Whatever else the high failure rate of new business tells us, it hints that success is more than blind luck. Some would characterize entrepreneurs as risk takers. While there’s a bit of truth to this, successful business owners are not so much gamblers as they are effective risk managers.

One of the cornerstones to becoming an effective risk manager is to find a healthy balance between intuition and due diligence. Due diligence is the research needed to validate your hunches and clarify your business case. A business case is built on more than notions and dreams; it has to have a solid indication of demand for your goods, customers that are willing to pay the right prices, and a bulletproof plan for getting in front of customers.

New business owners can increase their chances of survival by doing due diligence in the following three ways.

  1. Validate the Demand. To confirm demand for products or services, business owners will learn all they can about their customer’s wants and needs. This education can come through a combination of reading, working in the target industry, conducting surveys, and most importantly, talking to customers.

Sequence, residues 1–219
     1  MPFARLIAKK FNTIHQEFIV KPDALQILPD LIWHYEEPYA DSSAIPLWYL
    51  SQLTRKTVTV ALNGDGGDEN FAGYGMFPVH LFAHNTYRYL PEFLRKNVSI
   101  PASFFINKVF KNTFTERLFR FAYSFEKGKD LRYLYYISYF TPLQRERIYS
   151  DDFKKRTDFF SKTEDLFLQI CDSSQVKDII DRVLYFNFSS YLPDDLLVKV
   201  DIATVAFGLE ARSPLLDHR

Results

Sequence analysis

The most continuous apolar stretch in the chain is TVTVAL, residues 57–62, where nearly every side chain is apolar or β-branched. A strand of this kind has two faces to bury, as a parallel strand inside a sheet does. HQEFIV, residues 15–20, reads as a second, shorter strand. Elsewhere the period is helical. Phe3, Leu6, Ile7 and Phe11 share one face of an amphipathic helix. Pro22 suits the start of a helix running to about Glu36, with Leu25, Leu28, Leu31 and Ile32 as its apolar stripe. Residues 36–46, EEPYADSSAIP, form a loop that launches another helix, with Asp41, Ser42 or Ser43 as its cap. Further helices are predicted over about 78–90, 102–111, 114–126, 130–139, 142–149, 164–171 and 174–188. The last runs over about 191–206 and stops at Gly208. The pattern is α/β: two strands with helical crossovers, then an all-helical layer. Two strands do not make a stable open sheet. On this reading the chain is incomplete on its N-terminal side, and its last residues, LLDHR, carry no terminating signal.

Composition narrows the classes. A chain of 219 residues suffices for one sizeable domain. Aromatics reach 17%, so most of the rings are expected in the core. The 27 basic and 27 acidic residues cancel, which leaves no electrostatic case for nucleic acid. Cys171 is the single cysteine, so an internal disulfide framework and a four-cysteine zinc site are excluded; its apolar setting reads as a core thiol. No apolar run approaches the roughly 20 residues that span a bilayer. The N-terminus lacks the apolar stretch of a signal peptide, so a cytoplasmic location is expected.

2. Validate the Prices. When it comes to setting prices, there’s no confidence builder quite as convincing as making sales. However, prior to making sales, entrepreneurs can learn about pricing by knowing what it costs to produce their goods, and by learning everything they can about the industry and in particular, the competitors. The Internet is by far the easiest source of information on prices.